Inquisitor hungry for Fae power.Seeming:
Manikin | abstracted body made of porcelain in varying statesCourt:
Intelligence 3, Wits 3, Resolve 1
Strength 1, Dexterity 3, Stamina 2
Presence 3, Manipulation 3, Composure 2 Skills:
Crafts 2, Investigation 3, Occult 2 (Oneiromancy)
Firearms 1, Athletics 1, Stealth 1, Survival 1 (Navigation)
Empathy (Detect Lies) 3, Persuasion 3, Streetwise 2, Subterfuge 3Merits:
Mantle (Autumn) 1, Danger Sense 2, Fast Reflexes 1, Resources 1, Meditative Mind 1Contracts:
Fleeting Autumn 2, Spellbound Autumn 2, Dream 1Wyrd:
Harvey always wanted freedom. Freedom from expectations, authority, and responsibilities. The kind of freedom that he believed only came with power and wealth, two things that were lacking in the rural town he grew up in. In himself, he lacked the drive to do the legwork and dirt digging it took to achieve that power though superficially appropriate means. He had no interest in politics, finance, or business. His interests were in secrets. Secrets of men, the mind, nature, and realms beyond.
As a boy, he spent much of his time hunting ghosts and monsters in the forests and abandoned buildings around his home. He would bring along his BB gun and shoot the beer cans and whiskey bottles left by drifters and teenagers. He’d climb and swing from trees. He would sprint home just before dark, tempting real danger but never quite finding it. It was all training deemed necessary by an imaginative boy, but something he eventually grew out of. By age 19, it was time to exercise the mind.
He flew the nest and wound up in San Francisco for art school. The golden era of hippies had faded by the time he reached the city in 1975, but new age ideas and ancient mysticism lingered. Paths of enlightenment were open for exploration. He worked a part time sales job at a clothing store, discovering his knack for manipulation and persuasion. At school, he cultivated inspiration through folklore, dream theory, and ancient artwork. His far-out ideas on the meaning of life and death attracted all manner of lost souls: street kids, burnouts, college students, and wanderers. With a little more charisma and insanity, he could have started a cult.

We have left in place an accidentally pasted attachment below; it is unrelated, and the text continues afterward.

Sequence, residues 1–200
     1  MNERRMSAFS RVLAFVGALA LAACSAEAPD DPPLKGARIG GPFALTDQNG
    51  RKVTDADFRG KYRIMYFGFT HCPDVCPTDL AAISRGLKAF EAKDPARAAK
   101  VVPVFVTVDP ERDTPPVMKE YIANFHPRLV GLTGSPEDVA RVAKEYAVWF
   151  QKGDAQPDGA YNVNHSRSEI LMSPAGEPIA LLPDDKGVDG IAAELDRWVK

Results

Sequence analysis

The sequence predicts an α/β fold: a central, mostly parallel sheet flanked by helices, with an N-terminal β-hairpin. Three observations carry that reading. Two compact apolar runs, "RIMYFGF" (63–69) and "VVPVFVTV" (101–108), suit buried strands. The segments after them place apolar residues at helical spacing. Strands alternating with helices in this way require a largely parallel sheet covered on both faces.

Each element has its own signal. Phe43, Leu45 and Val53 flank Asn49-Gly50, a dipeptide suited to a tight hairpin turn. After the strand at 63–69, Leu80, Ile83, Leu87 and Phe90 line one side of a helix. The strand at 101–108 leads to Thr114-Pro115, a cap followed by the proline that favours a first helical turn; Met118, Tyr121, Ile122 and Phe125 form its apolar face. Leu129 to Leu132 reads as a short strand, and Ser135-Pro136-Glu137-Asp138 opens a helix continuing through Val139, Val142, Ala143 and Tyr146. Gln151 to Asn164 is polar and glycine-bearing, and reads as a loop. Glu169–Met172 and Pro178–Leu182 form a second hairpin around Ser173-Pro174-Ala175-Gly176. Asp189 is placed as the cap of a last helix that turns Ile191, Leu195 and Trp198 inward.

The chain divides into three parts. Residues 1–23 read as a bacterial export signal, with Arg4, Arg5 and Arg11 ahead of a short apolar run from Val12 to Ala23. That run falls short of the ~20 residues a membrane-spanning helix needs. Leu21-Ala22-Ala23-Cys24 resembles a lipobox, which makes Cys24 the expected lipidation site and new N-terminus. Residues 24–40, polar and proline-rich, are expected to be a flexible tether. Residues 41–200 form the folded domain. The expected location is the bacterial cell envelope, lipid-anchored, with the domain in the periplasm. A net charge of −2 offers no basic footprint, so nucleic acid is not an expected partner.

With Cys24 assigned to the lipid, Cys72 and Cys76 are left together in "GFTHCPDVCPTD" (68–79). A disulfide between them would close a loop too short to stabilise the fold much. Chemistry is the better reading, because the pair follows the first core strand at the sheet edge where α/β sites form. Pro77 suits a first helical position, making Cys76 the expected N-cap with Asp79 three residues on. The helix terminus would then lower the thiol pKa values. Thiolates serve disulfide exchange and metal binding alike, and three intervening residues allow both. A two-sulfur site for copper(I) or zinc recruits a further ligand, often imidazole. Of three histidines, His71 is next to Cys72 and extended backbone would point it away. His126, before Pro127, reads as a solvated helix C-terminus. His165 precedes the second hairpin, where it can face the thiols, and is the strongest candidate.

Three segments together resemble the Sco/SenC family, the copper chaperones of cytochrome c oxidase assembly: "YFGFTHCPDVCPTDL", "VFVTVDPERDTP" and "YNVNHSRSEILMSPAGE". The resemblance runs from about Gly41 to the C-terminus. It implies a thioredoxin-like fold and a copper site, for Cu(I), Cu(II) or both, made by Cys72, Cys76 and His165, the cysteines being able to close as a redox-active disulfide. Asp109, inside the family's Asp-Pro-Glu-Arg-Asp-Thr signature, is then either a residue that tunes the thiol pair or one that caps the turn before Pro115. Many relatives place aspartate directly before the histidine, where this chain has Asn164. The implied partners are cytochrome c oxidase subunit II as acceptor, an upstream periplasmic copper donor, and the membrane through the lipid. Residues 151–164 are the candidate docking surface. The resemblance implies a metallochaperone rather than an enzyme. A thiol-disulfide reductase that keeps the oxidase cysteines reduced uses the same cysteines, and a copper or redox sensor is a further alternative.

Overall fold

After graduation, his sculptures and paintings weren’t selling and he had few practical skills for the workforce. He became a carpenter, and eked out a living while struggling to afford food, rent, books, and art supplies. While at a construction site in the hills of Marin County, he discovered a small cave in the bedrock. Something inside was glowing green; no one else noticed. Finally, a worthy mystery had found him. He threw his shovel aside and crawled through with a grin.
What felt like eons later, he returned. His flesh had turned to porcelain. When he moved, his joints ground together like a mortar to a pestle. The ephemeral memories were few but horrific. Dragged through thorns, the agony of the transformation, the inability to move from the giant shelf where he was put out on display, and the grinning being that held him prisoner were all faint but searing flashes in his mind.
He remembered the escape. Left outside, the rain softened him up. He crawled, then walked, then ran as far as he could. The forest around him started out totally alien, until he found the Hedge. The memory of the thorns inspired him to maneuver through. He emerged, bloody and torn, on the other side. He recognized this forest; his childhood home was only a mile away.
Harvey checked his reflection in the irrigation water. He looked like some post-modern nightmare
. Deeper in the water, he saw his mask: still him, still human, but middle aged
. Had he been gone that long? Mom and Dad would be able to recognize him, right?
After debating whether to find out or not, Harvey skulked up to the house. He rapped at the door and his mother answered. “It’s me, Ma…Harvey. I made it back!” he cried out, a cold tear welling in his eye. Of course, the Harvey she knew was 29 years old and lived in San Diego with his expectant wife. The man in front of her looked like a hobo and if he didn’t leave, her husband would shoot him. The Changeling previously known as Harvey complied, left with a sunken feeling in his gut. He fell to his knees and slammed his fist on the driveway pavement. Little black cracks webbed through the smooth glazeware that now composed his hand and wrist. It was 1985. He had only been gone five years, and someone had claimed his life without skipping a beat.
In the time since his escape, Harvey works as a con-artist and small-time drug dealer. It pays better than the type of menial jobs an older gentleman can get without any significant experience or proof of existence. He still knows what makes people tic, but polite conversation has been difficult. He often feels more kinship with vases and toilets than he does with humans. There is little place for him in the mundane world. The affairs of Changelings and the Fae are his new interest, his new salvation, and possibly his destruction. He joined the Autumn Court a few months ago to learn all he could. His talents, hunger for knowledge, and disregard for personal safety shined. He was given a task to prove his worth: investigate the murders in Europe.